3 Reasons Why You Should Have Bigger Rotors

Now that we have learned more about braking, there are a number of things we can do to improve the performance of our brakes.

One of the best things we can do to get better performance from our brakes is to have larger rotors.

The reason for this is that every time we use our brakes, we are removing energy from the combined kinetic energy of ourselves, our bike and our speed.

This energy is transformed *mostly* to heat, which builds up in our rotors and pads. Too much heat and we lose performance of our brakes!

Larger rotors allow more room for this heat to dissipate, which is likely the main benefit among some others we won’t get in to!

That old brake power meter prototype was huge…but very useful!

Below are 3 Science-Based reasons you might want to consider bigger rotors:


Very fast riders have greater kinetic energy than slow riders. In fact, greater speed increases your kinetic energy more than what your weight does! This means that for the fast riders to slow down as much as we do, they will need to remove more energy (and thus build more heat!).

If fast riders want to ensure the performance of their brakes, they might want to look at larger rotors. 203mm is not out of the question for enduro and DH racers.

[UPDATE: Now, companies are building bigger rotors to cope with the higher speeds! There are prototype 223mm rotors in existence, and I even got my hands on a prototype 246mm rotor! (below)].


There is a sad fashion that has existed since disc brakes were invented for bikes, which stipulates that many bikes come with a larger front rotor than in the rear. However, we’ve learned that most riders brake more (and thus remove more energy and build more heat) in the rear brake.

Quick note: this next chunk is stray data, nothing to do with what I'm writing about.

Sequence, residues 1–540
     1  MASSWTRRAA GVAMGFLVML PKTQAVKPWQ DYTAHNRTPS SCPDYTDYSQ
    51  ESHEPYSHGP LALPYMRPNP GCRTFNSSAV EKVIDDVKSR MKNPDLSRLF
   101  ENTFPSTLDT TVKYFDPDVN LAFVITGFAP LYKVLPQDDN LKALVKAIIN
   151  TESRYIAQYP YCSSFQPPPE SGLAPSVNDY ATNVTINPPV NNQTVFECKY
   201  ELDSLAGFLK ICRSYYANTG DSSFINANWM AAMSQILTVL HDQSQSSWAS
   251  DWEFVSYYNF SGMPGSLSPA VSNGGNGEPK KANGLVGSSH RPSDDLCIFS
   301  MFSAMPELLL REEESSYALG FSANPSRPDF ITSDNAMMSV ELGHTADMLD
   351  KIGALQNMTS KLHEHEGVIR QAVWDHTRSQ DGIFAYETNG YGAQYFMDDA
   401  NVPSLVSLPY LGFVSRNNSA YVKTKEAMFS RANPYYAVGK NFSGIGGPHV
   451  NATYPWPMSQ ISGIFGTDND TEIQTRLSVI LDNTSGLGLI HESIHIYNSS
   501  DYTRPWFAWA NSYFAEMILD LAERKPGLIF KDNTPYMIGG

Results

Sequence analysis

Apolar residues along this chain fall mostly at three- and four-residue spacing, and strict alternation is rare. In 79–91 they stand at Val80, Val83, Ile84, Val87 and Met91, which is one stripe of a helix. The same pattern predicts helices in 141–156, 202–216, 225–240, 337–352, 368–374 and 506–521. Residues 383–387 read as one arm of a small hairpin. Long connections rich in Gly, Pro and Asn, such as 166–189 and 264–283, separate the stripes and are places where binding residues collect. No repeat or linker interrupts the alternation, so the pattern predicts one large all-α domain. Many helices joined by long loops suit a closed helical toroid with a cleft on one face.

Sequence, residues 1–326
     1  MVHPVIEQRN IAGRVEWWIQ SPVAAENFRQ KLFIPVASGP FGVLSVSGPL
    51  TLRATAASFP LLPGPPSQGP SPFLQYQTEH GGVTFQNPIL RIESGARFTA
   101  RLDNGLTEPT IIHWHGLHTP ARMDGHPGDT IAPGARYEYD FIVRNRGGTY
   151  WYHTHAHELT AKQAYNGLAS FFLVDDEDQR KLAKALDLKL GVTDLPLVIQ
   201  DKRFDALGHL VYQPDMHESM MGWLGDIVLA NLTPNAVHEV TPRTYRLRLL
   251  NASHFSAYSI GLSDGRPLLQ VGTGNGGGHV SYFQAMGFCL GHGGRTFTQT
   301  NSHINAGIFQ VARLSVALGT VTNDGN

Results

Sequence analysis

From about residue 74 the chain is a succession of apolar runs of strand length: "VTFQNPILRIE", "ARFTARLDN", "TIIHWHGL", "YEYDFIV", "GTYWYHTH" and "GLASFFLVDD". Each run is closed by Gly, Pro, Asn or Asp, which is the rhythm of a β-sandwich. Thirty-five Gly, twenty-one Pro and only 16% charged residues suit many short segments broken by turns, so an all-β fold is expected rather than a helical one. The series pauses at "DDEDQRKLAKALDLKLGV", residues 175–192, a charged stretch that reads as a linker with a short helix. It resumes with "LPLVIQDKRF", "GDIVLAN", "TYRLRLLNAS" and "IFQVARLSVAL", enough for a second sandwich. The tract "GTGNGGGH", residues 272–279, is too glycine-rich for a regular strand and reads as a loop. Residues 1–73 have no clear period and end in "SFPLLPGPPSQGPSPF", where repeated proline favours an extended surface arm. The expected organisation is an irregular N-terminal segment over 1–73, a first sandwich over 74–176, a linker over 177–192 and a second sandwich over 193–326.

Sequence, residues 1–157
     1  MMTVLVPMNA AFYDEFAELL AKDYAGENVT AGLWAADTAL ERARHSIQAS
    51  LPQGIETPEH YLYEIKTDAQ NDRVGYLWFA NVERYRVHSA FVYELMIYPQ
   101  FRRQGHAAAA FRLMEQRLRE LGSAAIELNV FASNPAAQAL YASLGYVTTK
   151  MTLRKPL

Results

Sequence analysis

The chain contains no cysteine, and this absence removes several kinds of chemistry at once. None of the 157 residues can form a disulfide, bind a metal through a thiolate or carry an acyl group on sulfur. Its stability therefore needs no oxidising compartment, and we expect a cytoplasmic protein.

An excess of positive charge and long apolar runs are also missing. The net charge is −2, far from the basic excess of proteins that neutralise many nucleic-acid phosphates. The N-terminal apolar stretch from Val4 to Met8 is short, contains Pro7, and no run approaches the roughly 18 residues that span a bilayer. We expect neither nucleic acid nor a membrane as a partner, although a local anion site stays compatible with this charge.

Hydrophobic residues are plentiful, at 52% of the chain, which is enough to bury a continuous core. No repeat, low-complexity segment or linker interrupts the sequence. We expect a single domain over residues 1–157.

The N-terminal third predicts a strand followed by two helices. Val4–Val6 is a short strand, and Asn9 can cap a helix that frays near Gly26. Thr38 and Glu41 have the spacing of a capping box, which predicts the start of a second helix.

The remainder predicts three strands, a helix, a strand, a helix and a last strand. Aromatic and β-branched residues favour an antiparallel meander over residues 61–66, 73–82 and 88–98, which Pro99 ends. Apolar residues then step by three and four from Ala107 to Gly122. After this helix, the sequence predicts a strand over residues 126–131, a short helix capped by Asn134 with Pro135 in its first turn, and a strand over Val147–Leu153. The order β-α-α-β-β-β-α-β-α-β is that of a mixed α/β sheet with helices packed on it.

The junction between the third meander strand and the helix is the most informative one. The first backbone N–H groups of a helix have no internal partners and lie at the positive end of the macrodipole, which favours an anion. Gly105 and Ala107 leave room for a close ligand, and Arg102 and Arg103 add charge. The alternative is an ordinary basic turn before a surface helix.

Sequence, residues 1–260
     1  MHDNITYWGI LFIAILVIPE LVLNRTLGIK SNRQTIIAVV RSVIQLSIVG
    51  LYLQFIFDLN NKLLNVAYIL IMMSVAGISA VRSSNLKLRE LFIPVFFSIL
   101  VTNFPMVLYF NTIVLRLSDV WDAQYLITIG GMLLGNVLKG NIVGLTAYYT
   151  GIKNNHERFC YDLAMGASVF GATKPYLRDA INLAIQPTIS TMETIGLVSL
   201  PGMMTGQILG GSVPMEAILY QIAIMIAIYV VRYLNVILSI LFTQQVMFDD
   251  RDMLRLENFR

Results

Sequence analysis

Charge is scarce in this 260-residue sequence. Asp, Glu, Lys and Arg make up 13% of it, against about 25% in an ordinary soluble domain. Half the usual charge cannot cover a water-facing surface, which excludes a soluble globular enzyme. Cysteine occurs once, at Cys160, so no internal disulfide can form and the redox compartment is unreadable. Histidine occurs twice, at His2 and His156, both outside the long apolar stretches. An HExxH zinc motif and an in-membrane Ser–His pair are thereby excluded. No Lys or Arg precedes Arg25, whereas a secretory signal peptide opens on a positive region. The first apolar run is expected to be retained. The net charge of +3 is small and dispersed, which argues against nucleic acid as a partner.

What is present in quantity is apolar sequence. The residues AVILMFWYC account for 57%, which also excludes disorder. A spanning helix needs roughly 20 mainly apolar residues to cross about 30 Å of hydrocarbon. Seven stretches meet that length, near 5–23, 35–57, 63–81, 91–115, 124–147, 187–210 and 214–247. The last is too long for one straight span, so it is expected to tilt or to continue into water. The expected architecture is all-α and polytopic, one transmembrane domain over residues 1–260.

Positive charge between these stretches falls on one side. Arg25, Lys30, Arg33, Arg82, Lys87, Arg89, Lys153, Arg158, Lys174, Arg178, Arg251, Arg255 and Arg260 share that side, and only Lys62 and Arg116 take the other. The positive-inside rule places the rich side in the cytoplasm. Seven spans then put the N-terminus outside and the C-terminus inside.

Try having at least the same size rotors…and if you put a larger one in the rear you wouldn’t be the first person 🙂

It’s highly likely that you are braking more overall with the rear brake, so having a higher heat capacity in the rear will improve your control of the bike.


A 20mm larger rotor rotor can weigh as little as 20 grams more.


My guess is that you won’t notice the additional weight, but you WILL notice the additional performance!

Time and time again when I get riders out testing with the brake power meter, one of the first things they notice is how powerful the brakes are. I am just using standard brakes, but ALWAYS use at least a 203mm rotor.

And for a pro tip: I always replace my rotors–even more often than my brake pads. The rotors wear fast, and once the etching in them is smoothed over by the pads, they are pretty much useless!


Unless you are doing a style of racing where braking performance matters less than the weight of your bike, it’s probably worth experimenting with larger rotors.

What do you have to lose?


Don’t forget about our other web articles!

LATEST SCIENCE: Validity of a device designed to measure braking power in bicycle disc brakes

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Picking the right power meter for mountain bike racing

How to avoid blowing up in MTB racing

5 Ways to Use the Brake Power Meter to Train Yourself to Ride Faster

Why do you have to be fit for gravity racing?

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